"His accomplishments, connections, and personality contributed to his status as one of the pre-eminent figures in Western American culture. He was inducted into the National Cutting Horse Association Hall of Fame, Texas Cowboy Hall of Fame, the American Quarter Horse Association Hall of Fame, won the Foy Proctor Memorial Cowman's Award, the Golden Spur Award, the Western Horseman Award, the Charles Goodnight Award and a host of other awards and honors too numerous to list here.
"Buster, furthermore, was dedicated to his family. He hosted Welch family reunions at his ranch and in his later years cherished visits from a vast collection of relatives. In the 94 years he suffered much tragedy, yet he never withdrew in sadness. He continued to engage with his family and friends and manage his business ventures until his death. He stayed horseback until the end ..."
"Though his interests were wide-ranging, he saw everything through the lens of horses and ranching. One of his favorite quotes came from Martha Washington, who once said, 'The greater part of our happiness or misery depends on our dispositions and not our circumstances.' Buster strove for a curious, hardworking, and cheerful disposition.
"He leaves a legacy of family who loved him, transcendent horsemanship, and the determination to excel in any endeavor to which he put his active mind and ample enthusiasm."
One Last Cutting Conversation With Buster Welch
Shortly before his death, C&I talked with the legendary horseman about the sport he loved so much.
C&I: The horse and cow relationship is incredibly important to you.
Buster Welch: It's a pleasure to work cattle on a good cutting horse. It is the biggest pleasure that you can enjoy, to have that horse working with you and outsmarting that cow with you, anticipating a cow's movement. You naturally identify more with that horse than you would with an ordinary horse. That's not work, it's fun. Every horse I ever rode had good conformation, and they were real smart, and they liked to work a cow. They enjoyed a contest with a cow, and they liked to do a good job.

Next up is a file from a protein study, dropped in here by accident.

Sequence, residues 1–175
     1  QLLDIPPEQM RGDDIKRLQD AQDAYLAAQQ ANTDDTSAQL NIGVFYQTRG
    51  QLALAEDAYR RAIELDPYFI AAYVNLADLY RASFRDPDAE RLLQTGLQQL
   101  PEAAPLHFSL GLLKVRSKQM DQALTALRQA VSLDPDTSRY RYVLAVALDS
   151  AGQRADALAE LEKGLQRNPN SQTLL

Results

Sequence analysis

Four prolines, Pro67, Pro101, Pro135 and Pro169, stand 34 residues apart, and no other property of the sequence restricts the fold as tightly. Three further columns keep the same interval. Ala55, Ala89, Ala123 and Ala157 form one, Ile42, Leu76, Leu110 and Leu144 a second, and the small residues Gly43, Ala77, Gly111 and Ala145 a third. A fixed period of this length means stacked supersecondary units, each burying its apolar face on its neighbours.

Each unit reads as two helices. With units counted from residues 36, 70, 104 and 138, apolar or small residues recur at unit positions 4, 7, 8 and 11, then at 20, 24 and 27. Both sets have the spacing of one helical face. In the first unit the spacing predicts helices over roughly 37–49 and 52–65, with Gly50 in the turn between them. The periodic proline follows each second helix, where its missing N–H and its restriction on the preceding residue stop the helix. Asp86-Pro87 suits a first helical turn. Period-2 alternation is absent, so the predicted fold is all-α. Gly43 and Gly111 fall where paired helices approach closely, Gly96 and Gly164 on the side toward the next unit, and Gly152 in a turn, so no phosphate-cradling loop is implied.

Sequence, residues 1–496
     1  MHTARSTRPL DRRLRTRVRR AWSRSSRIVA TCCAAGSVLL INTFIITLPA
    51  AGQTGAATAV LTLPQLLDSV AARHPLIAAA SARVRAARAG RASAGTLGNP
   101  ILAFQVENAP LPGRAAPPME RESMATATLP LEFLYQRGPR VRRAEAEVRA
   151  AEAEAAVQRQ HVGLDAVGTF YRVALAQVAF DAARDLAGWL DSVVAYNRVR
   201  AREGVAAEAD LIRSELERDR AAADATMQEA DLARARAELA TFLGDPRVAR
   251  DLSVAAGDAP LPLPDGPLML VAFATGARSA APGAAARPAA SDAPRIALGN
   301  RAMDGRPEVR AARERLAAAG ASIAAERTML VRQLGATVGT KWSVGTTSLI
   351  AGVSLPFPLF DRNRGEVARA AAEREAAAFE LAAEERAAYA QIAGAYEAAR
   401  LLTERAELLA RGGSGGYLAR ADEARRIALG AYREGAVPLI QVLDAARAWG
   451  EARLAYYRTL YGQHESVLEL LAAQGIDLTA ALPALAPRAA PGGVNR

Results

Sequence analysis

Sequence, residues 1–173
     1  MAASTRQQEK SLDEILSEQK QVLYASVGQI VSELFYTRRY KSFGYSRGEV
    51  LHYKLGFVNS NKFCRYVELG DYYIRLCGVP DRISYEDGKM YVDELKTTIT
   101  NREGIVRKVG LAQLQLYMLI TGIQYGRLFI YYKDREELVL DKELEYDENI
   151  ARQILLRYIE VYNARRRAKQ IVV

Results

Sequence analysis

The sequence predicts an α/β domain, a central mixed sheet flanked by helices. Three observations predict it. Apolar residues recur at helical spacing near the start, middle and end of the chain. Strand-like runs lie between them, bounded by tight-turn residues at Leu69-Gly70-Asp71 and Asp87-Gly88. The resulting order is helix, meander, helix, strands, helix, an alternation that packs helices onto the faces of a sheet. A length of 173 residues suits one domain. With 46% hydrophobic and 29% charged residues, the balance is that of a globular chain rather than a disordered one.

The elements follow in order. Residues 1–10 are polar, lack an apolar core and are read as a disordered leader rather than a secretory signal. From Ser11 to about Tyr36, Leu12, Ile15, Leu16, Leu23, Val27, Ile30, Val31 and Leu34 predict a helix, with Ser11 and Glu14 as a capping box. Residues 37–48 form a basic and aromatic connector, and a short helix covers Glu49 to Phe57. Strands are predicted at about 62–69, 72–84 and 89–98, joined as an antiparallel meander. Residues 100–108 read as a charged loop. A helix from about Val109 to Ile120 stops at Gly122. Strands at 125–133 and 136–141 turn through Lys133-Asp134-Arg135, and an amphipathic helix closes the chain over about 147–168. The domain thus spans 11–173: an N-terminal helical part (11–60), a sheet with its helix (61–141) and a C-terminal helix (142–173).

C&I: How has your horse-rider relationship changed during the decades?
Welch: A horse could move so much faster if you were just balanced — balanced in his turn, and not throwing your weight around. Balance opens up more doors when experiencing how a horse likes to move. I have learned to appreciate how much a horse likes to have his head and neck free to balance with. That's his balance: his neck and head. I learned that different horses want their head and neck turned a different way, and I got to appreciate that through the years. Perhaps this balance lets a horse move faster and better.
C&I: What makes a perfect cutting horse?
Welch: There's three things you can't teach a man or a horse, and one of them is the feel, and the other one is his timing, and the other one is the rhythm. If they've got that feel, that timing, and that rhythm, you can just see them and the horse working together. That's something you can't teach that horse — you've got to let him learn it. And you can help him learn it by just a little correction here and there. If he's a natural cow horse and wants to work a cow, he'll appreciate you helping him a little.
C&I: What kind of a horse trainer have you strived to be, and how is that reflected in the horses and cowboys and cowgirls you've trained?
Welch: A cowboy needs to be authentic if he's going to be respected by cowboys who are working with him. Men working for you want ot know that what you tell them is authentic, and what you want to do is authentic, and that would make me feel really good.